There is a lot of planning going on behind the scenes now to put together a sea change in the Commonwealth of Virginia’s legislative priorities once the new year arrives, swearings-in occur and Democrats take over both houses to complement their control of the governor’s mansion with the onset of the annual legislative session kicking off early next year.
A lot of changes are in store, beginning with a decisive vote to ratify the Equal Rights Amendment, becoming after all these years the vote to put the U.S. constitutional amendment over the top at last. It will be an occasion for great celebrations nationwide, and it will be especially satisfying in Virginia, where only a few years ago, some of the most egregious anti-woman legislation passed and made the state into a national laughing stock. Luckily, Gov. Terry McAuliffe was there to veto all the excessive bills the Republican majority legislature passed, having used his veto pen over 120 times, all of which were upheld when requiring a two-thirds legislative vote to override the vetoes.
McAuliffe, in fact, deserves credit for a lot of which has brought Virginia to the point of a Democratic majority here. He eschewed a presidential run to focus his considerable energy on campaigning for scores of key Democratic races around the state. It paid off big time.
So, in addition to passing the ERA and other important pro-woman bills, the Virginia legislature will tackle gun control in a meaningful way, ending the long and painful era when the GOP majority refused to entertain almost any bills restricting unfettered use of automatic weapons on streets and in public places in the commonwealth. Sane gun control measures will be passed and signed by the governor this spring, something that will bring a sigh of relief to a clear majority of Virginians.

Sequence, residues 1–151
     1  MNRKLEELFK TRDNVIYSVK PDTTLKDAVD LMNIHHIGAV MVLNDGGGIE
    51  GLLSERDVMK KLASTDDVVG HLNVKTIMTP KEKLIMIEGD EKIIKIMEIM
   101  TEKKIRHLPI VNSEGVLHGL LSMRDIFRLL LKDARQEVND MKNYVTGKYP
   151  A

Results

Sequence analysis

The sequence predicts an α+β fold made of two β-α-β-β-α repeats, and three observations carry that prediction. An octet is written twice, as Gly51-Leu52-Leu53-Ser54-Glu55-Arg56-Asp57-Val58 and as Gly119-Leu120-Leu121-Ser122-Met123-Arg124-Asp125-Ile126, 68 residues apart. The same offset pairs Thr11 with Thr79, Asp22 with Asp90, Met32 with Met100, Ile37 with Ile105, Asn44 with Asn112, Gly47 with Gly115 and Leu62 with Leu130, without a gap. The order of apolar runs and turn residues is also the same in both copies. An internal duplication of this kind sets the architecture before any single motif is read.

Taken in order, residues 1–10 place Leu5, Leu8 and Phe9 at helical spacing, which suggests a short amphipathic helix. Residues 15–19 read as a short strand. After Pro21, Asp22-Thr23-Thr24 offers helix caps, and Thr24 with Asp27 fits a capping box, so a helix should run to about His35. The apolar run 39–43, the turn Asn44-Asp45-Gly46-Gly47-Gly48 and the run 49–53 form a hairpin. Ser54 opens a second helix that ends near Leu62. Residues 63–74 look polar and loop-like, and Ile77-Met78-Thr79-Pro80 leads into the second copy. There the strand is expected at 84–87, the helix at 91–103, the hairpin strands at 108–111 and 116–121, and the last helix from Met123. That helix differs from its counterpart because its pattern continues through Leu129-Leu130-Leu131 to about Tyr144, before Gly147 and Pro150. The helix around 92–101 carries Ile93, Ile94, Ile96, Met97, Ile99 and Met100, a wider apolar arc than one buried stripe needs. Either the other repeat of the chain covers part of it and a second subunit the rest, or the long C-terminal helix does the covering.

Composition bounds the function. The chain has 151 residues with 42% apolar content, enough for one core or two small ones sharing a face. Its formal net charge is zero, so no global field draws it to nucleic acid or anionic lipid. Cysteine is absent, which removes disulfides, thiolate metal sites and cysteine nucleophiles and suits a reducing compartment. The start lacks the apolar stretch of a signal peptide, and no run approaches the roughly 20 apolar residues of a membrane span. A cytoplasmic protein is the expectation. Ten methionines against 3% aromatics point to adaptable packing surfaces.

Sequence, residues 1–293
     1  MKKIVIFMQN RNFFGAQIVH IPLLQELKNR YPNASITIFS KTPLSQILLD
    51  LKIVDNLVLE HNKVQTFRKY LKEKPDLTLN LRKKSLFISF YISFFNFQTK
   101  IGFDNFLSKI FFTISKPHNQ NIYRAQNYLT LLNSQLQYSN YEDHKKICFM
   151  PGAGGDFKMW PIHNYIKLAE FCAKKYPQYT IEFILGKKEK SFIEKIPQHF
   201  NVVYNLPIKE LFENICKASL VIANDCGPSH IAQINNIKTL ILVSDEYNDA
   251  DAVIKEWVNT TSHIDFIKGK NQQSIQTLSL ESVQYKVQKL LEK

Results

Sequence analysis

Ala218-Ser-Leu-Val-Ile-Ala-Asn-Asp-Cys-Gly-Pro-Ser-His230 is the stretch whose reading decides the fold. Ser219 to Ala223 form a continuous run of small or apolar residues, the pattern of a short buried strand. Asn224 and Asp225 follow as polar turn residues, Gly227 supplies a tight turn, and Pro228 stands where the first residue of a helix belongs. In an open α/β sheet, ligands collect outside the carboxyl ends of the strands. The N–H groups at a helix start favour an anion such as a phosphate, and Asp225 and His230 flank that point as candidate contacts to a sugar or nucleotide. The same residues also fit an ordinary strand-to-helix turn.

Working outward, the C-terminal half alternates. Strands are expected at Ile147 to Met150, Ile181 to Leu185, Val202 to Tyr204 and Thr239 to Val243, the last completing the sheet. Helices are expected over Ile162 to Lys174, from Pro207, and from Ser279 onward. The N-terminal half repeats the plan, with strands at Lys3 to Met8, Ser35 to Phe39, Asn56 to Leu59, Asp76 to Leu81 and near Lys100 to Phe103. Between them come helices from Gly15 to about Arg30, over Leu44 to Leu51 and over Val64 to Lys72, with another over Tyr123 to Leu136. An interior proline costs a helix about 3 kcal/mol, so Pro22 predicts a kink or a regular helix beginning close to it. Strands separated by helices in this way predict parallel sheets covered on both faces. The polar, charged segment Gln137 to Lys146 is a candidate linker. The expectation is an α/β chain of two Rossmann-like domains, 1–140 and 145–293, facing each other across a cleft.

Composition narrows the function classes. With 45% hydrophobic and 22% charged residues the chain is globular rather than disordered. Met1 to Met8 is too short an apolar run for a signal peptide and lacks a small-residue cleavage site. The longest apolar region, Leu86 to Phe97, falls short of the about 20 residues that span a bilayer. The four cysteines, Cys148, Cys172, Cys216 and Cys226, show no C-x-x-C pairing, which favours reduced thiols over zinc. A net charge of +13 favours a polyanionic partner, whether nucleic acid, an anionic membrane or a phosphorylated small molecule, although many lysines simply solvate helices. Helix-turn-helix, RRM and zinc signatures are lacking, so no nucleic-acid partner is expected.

Equal rights will be another area for big gains in the law here, extending, for example, the Virginia slogan of “Virginia is for lovers” to “Virginia is for all lovers,” as LGBTQ rights will be extended to employment and housing, and jurisdictions like the City of Falls Church that have been frustrated by the state’s Dillon Rule from writing anti-discrimination measures, including for LGBTQ citizens, into its ordinances will now be fully enfranchised to do so.
Employment law will also be reformed, perhaps to raise the minimum wage here to $15 an hour, and immigration reforms will also be enacted. It will be fascinating to see how far these measures can go this coming session, especially in the context of nay-sayers who will argue that pushing the envelope too far will generate a backlash.
But we are convinced there will be no going back, that the state, and the American population as a whole, has changed forever to be more inclusive, more peaceful and more optimistic about a liveable future for all our citizens. We can’t wait to see what happens now!